Regiment

Standard NATO symbol for a regiment of several battalions, indicated by the III. The shape, colour and pattern indicate friendly infantry.
The Royal Regiment of Fusiliers on parade in England
Regimental badge of the Scots Guards.
Personnel of the 154th Preobrazhensky Independent Commandant's Regiment during an exhibition drill.
The Puerto Rican 65th Infantry Regiment's bayonet charge against a Chinese division during the Korean War.

Military unit.

- Regiment
Standard NATO symbol for a regiment of several battalions, indicated by the III. The shape, colour and pattern indicate friendly infantry.

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8th Marines Insignia

8th Marine Regiment

8th Marines Insignia
Kilo Company, 3rd Battalion, 8th Marine Regiment, partnered with Afghan National Police, patrol through Garmsir District, Helmand province, Afghanistan, 1 June 2012

The 8th Marine Regiment was an infantry regiment of the United States Marine Corps.

Parachute Regiment (United Kingdom)

British parachute troops on exercise in Norwich 23 June 1941.
Parachute training (1942).
British paratrooper of the 8th Parachute Battalion armed with the Sten gun wearing the airborne forces steel helmet and the Denison Smock (1943).
September 1953 parachute exercise by the 16th Airborne Division.
British paratroops march away after landing at Algiers.
2nd Battalion officers, Tunisia, 26 December 1942.
Queen Elizabeth and Princess Elizabeth talking to paratroopers in preparation of D-Day, 19 May 1944
Normandy 7 June 1944, men of the 6th Airborne Division guarding a road junction near Ranville. Each is armed with a Mk V Sten submachine gun.
Men of the 1st Battalion, day one, 17 September 1944.
British paratroopers in Oosterbeek, September 1944.
Sniper from the 6th Airborne Division, Ardennes, 14 January 1945.
Men of the 12th Battalion, search suspects in Batavia (Jakarta) December 1945
Weapons, ammunition, and equipment discovered at the Jewish settlement near Gaza by the Parachute Regiment in September 1946.
3rd Battalion landing at El Gamil Airfield, Port Said, Suez 1956. The last British battalion sized parachute operation.
Foot patrol by the 1st Battalion in Aden, 1956.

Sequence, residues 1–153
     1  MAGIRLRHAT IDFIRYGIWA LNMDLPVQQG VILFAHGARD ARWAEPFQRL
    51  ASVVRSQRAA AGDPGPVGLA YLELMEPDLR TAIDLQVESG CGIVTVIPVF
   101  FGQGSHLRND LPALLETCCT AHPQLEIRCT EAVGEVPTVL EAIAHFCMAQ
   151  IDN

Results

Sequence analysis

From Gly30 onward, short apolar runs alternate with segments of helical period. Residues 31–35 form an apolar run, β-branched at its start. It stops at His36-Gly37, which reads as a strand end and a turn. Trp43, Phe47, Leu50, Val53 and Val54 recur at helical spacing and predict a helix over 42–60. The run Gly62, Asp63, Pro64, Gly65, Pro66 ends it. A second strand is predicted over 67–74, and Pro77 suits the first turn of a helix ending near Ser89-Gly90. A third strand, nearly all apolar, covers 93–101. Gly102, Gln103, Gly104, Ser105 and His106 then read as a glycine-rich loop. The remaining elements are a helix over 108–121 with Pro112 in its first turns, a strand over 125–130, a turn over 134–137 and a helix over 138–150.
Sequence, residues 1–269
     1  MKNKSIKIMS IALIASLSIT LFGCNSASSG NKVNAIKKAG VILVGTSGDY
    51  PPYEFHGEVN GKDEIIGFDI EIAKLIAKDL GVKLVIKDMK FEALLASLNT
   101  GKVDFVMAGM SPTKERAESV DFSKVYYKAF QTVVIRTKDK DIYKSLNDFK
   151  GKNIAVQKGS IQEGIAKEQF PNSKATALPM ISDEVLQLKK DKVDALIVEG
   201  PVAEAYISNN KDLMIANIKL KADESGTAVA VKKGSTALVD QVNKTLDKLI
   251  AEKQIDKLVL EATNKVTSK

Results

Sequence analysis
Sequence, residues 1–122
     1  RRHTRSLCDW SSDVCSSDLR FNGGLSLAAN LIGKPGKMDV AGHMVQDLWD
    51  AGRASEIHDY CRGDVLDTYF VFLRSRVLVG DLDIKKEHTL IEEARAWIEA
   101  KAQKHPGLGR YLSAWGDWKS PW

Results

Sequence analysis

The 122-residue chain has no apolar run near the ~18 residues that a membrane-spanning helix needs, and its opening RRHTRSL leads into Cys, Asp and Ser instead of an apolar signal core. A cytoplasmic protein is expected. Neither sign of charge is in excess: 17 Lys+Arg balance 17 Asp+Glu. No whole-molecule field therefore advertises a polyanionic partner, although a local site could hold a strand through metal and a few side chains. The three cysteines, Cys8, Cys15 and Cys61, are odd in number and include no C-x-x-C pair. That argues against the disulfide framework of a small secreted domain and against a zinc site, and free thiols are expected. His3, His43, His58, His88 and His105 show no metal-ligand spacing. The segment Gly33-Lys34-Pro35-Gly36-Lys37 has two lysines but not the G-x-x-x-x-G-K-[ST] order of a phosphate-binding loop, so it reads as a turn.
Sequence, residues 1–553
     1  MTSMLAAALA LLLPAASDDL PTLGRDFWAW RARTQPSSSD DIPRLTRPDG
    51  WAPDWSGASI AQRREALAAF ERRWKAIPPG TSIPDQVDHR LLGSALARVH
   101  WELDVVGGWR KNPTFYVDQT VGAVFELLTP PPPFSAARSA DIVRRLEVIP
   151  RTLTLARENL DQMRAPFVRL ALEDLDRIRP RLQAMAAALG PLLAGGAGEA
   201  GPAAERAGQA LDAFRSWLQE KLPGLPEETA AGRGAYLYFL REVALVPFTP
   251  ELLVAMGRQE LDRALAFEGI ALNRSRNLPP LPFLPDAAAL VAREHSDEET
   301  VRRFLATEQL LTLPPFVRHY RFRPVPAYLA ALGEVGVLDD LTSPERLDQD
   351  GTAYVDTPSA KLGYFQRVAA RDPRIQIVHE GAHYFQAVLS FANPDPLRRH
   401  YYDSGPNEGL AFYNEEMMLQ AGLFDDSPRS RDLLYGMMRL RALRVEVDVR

Officer of the 1st Battalion Belfast December 1969.
Falklands campaign 1982.
Sierra Leone
Pathfinder Platoon vehicles just before the invasion of Iraq.
3 Para in combat in Helmand Province, Afghanistan
A soldier from the regiment in Iraq in 2003, armed with an L85A2

The Parachute Regiment, colloquially known as the Paras, is an airborne infantry regiment of the British Army.

Winston Churchill inspecting the 4th Queen's Own Hussars, of which he was Honorary Colonel, in Italy during 1944

Colonel-in-chief

Winston Churchill inspecting the 4th Queen's Own Hussars, of which he was Honorary Colonel, in Italy during 1944
Prince Philip, Duke of Edinburgh with troops of The Royal Canadian Regiment, of which he was Colonel-in-Chief, in 2013
Sir Nils Olav (a king penguin) inspects troops of the Norwegian Royal Guard, of which he is Colonel-in-Chief

Colonel-in-Chief is a ceremonial position in a military regiment.

General Norman Schwarzkopf Jr. speaks with American troops during the Gulf War.

Commanding officer

General officer, commanding general (CG), is the officer in command of a military unit.

General officer, commanding general (CG), is the officer in command of a military unit.

General Norman Schwarzkopf Jr. speaks with American troops during the Gulf War.

The appointment of commanding officer is exclusive to commanders of major units (regiments, battalions and similar sized units).

Tercio

Military unit of the Spanish Army during the reign of the Spanish Habsburgs in the early modern period.

Military unit of the Spanish Army during the reign of the Spanish Habsburgs in the early modern period.

Surrender of Breda, by Velázquez, shows Ambrosio Spinola (at right), commander of a Spanish tercio, receiving the keys to the city from a defeated Dutch general in 1625.
Tercios disembarking, 1583
A bastioned square in battle
Organization of a tercio